The 1600 CE Huaynaputina eruption as a possible trigger for persistent cooling in the North Atlantic region
By White S, Moreno-Chamarro E, Zanchettin D, Huhtamaa H, Degroot D, Stoffel M and Corona C.
Major tropical volcanic eruptions can provide a significant short-term impact on the global climate system. One of the largest such eruptions of the last 1000 years was the 1600 CE eruption of Huaynaputina in Peru, which has been linked to a widely recorded environmental and climatic deterioration recorded in tree-rings and other annually resolved natural archives, as well as documentary accounts.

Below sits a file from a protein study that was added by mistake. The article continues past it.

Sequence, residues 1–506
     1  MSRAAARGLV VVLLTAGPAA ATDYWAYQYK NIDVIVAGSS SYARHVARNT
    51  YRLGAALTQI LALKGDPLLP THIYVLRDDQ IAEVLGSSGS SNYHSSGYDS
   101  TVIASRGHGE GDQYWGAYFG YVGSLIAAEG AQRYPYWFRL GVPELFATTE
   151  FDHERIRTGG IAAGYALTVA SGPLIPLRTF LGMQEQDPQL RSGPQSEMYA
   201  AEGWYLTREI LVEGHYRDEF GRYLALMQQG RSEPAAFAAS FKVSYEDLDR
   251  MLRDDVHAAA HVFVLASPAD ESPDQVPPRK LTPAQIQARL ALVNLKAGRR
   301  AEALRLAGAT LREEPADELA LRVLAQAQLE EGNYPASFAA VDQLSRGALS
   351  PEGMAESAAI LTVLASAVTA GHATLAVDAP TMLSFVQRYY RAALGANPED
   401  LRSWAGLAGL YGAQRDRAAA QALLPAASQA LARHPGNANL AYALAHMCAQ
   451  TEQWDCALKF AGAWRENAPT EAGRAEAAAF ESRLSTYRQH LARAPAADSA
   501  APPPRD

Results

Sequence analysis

White et al investigate whether these records provide support for climate modelling studies that have suggested that the eruption provoked changes in the North Atlantic ocean, resulting in long-term cooling in this region that persisted long after the eruption ended.
This study is a product of the PAGES-VICS and PAGES-CRIAS working groups.